Pentest People take a look at the differences between automated
and manual Web Application Testing
A vulnerability scan uses automated tools to look for ‘low hanging fruit’ which is loosely defined as obvious vulnerabilities that require little or no skill to locate. Vulnerability scanners are not intelligent, they are good for finding vulnerabilities such as ‘Missing HTTP security headers’ like X-frame options missing from HTTP responses, however, they will not identify business logic vulnerabilities like the ability to view one user's data from another account. These should, in no way, be considered full penetration tests.
Similar to a penetration test, the vulnerabilities discovered, and mitigation advice will be issued in a report, however, the findings will not be verified, nor will a proof of concept be created. The findings from the automated tools are trusted, which will typically include false positives. The verification of these issues will be down to the company in question.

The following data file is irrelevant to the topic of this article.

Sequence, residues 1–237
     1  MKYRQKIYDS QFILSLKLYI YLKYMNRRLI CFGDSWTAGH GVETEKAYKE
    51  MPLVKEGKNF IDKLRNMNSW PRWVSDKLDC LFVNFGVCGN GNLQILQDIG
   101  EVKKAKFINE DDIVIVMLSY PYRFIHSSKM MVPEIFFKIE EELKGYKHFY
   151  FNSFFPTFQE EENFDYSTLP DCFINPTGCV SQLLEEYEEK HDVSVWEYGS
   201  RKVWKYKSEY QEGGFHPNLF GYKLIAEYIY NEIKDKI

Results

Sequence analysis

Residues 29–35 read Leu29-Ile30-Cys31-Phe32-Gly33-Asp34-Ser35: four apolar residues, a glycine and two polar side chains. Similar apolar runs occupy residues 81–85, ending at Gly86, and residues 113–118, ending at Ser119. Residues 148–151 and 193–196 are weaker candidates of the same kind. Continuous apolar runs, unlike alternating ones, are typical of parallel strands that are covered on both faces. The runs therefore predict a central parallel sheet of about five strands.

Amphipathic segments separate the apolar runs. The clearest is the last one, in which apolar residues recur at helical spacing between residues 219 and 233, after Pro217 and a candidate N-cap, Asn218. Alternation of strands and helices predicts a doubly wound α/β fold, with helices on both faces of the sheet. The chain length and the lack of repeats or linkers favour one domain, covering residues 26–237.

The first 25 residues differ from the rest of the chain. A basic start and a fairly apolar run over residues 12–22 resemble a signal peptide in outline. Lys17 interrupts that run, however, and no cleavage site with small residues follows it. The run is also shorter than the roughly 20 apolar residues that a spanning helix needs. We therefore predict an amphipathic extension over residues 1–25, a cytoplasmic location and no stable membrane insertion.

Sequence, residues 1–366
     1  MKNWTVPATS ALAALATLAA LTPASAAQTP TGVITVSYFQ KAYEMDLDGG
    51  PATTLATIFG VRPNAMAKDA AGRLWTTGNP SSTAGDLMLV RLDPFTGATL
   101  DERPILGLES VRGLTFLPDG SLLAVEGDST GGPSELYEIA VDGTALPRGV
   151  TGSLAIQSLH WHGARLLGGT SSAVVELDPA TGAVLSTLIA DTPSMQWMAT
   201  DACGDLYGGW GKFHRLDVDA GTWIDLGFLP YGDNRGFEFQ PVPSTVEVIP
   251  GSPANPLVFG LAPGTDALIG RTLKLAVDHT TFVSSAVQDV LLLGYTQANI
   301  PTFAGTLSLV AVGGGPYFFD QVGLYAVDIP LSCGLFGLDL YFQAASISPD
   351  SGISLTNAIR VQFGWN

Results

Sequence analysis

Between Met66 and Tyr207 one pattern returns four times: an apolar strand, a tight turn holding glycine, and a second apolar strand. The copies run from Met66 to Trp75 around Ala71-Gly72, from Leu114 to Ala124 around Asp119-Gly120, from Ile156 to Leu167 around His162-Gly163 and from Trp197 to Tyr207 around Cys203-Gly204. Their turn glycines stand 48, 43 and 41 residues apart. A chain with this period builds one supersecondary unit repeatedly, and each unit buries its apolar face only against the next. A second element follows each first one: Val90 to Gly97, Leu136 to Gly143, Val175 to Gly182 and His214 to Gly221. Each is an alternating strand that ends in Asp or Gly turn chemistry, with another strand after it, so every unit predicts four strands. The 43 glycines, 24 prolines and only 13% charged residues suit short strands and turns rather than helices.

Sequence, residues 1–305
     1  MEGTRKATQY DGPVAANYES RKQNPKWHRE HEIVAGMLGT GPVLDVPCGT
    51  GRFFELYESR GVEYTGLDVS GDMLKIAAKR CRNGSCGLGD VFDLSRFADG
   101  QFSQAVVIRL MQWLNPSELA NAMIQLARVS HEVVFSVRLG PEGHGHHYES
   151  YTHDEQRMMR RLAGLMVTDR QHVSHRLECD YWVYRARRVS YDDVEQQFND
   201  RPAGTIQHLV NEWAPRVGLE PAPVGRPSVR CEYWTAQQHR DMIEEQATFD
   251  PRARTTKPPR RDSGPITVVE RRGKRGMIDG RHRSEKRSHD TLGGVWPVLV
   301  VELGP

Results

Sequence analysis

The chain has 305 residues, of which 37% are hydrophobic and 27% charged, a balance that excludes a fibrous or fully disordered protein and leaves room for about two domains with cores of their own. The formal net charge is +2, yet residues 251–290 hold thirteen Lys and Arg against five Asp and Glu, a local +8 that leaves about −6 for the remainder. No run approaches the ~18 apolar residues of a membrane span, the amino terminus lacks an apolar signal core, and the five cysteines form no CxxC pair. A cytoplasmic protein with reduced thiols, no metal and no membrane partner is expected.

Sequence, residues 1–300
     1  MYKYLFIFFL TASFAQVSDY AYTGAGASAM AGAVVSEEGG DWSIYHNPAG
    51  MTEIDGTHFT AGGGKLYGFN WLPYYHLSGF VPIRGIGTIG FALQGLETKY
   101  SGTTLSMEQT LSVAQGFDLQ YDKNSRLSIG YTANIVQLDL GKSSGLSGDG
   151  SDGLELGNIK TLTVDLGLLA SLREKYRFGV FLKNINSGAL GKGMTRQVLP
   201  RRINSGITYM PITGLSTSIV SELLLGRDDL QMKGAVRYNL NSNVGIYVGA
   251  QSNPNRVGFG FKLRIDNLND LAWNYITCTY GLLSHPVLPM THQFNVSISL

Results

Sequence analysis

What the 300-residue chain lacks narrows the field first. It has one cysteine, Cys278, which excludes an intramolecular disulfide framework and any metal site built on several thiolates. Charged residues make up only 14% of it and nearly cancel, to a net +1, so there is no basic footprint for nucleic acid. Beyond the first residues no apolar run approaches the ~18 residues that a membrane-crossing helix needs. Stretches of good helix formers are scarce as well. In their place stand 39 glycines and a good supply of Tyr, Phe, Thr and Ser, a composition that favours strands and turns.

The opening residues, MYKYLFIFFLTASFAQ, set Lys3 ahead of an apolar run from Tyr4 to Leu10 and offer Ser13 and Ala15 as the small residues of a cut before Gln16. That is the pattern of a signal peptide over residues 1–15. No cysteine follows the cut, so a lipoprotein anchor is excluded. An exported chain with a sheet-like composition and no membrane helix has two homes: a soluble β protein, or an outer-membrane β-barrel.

Pentest People Are Trustworthy & Experienced
Which Option is Best?
A Penetration Test should always be performed before any automated security scanning. Automated scanning does not provide a thorough assessment of the application.
A report with no critical or high risk vulnerabilities from an automated scan cannot be considered a clean bill of health for the application.
Once a full penetration test has been completed, vulnerability scanning should be arranged at quarterly intervals.
A Penetration Test is a snapshot in time, quarterly vulnerability scanning should be undertaken to look for any obvious changes between penetration tests.